At initiation, 3, 6 and 12 months (M0, M3, M6 and M12 respectively), a medical questionnaire was filled in by the physician. A self-reported questionnaire was completed by the patient during each medical visit. After each medical visit, a computer-assisted telephone interview (CATI) was conducted by trained, non-judgmental staff. The primary outcome was abstinence from street-opioids at 12 months (M12) (with an underlying 15% non-inferiority hypothesis for PC).

Data collection

At enrollment, we collected the following information: 1) Socio-demographic characteristics: gender, age, educational level, children, employment status, housing (owner or renter, living in family home, in a hospital or clinic, in a social care institution/hostel, in a friend’s home, in a hotel room, no home, other); 2) History of drug use: history of drug overdose, of drug injection, age at first regular drug use and at first injection. Unstable housing was defined as not being a home owner or renter. Employment status, housing and living in a couple were evaluated again at M12.

Alcohol consumption was assessed at M0 and M12 using the Alcohol Use Disorders Test (AUDIT) with a cut-off point ≥ 13 being used to identify alcohol dependence [15].

At each follow-up visit, drug use and drug injection in the previous month were assessed using the Opiate Treatment Index (OTI) [16]. Individuals who reported using cocaine or having injected drugs at least once in the previous month were defined as cocaine users or current injectors, respectively. The patient’s social network was assessed at enrollment and M12, by asking participants two questions, as follows: how much of the time they lived with someone who consumed heroin in the previous 6 months (dichotomized as follows: from “all of the time” to “less than half of the time” vs. “never”) and how many of the people who they were in regular contact with had used drugs in the previous 6 months (dichotomized as follows: from “all” to “less than half” vs. “none”).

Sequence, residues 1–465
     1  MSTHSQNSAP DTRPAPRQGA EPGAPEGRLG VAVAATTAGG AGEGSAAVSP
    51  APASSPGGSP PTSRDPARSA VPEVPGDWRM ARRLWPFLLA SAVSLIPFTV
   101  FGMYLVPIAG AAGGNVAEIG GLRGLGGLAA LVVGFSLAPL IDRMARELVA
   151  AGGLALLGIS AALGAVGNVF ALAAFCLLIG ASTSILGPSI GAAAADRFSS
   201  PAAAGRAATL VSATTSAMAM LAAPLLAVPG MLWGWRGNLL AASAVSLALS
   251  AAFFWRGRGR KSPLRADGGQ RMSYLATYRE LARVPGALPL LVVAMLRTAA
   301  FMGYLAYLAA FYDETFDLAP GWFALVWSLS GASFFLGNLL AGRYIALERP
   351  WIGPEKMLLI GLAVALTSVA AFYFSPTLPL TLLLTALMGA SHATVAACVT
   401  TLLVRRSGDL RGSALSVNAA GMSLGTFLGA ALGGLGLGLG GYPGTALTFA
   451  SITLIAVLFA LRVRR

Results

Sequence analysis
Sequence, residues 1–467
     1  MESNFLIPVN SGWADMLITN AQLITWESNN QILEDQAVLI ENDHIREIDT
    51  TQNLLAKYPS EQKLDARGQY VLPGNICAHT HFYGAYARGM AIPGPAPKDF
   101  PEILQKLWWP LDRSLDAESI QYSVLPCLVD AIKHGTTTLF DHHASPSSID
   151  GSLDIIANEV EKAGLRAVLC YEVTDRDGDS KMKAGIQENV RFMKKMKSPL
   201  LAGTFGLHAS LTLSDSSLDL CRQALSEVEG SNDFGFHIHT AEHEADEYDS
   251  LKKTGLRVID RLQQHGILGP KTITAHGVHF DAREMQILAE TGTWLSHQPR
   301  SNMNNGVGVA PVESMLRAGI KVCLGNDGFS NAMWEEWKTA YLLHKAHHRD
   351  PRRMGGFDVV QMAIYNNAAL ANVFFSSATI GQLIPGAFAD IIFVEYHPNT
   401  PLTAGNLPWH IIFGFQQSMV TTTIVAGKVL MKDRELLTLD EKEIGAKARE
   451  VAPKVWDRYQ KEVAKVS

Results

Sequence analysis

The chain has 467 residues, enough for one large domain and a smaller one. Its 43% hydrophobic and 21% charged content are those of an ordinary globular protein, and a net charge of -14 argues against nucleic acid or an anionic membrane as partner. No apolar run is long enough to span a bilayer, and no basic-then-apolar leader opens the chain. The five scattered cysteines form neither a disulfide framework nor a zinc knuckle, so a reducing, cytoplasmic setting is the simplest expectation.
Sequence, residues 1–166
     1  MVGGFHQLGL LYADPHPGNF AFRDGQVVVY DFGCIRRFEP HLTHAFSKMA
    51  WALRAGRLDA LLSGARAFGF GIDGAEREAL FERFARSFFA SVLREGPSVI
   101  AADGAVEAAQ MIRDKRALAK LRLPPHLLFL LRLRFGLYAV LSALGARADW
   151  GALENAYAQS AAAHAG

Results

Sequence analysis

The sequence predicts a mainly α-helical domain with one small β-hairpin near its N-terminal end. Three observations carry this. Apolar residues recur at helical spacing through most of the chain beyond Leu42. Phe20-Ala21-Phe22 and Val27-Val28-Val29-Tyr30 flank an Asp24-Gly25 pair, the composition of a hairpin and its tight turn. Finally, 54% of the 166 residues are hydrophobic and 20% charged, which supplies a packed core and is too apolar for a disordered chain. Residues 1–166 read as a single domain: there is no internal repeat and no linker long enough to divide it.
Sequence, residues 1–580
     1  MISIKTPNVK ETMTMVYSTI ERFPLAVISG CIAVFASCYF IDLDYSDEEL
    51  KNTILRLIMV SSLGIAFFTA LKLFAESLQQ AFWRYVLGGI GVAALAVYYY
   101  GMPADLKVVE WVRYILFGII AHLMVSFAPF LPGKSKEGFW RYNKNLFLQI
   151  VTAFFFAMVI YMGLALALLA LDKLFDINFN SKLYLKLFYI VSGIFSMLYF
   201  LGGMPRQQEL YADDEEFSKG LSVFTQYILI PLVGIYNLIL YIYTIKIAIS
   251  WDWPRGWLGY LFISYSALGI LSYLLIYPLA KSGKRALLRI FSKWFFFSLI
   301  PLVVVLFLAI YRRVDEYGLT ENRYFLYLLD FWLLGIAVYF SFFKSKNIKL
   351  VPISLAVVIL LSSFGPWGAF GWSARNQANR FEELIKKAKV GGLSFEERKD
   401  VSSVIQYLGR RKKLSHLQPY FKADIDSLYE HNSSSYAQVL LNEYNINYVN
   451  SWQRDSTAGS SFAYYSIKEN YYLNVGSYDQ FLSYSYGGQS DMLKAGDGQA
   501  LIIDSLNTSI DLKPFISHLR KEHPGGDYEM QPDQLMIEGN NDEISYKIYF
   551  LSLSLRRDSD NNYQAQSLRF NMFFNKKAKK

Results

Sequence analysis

We combined the two variables “living in a couple” and “living with someone who consumed heroin” and obtained four categories variables: “living alone”; “living in a couple with a non-drug user”; “living with a drug user not in a couple”, “living in a couple with a drug user”.

The prevalence of HCV risk practices was also documented using a set of questions extracted from the Blood-Borne Virus Transmission Risk Assessment Questionnaire (BBV-TRAQ) [17], which is a standardized questionnaire specifically adapted for this purpose, and also from the questionnaire used by Lucidarme et al. in their longitudinal study [18]. HCV risk practices in the previous month were assessed using a question about the sharing of injecting paraphernalia (lending and borrowing), needle sharing (lending and borrowing) and straw sharing. We also evaluated HCV risk practices related to other skin penetration practices (sharing of toiletry items, tattoos/piercings in a non-professional context and blood contact) in the previous month using the BBV-TRAQ questionnaire. We built a variable called “HCV risk practices”, which served as the study outcome measure, and was defined as reporting at least one of these HCV risk practices during the previous month.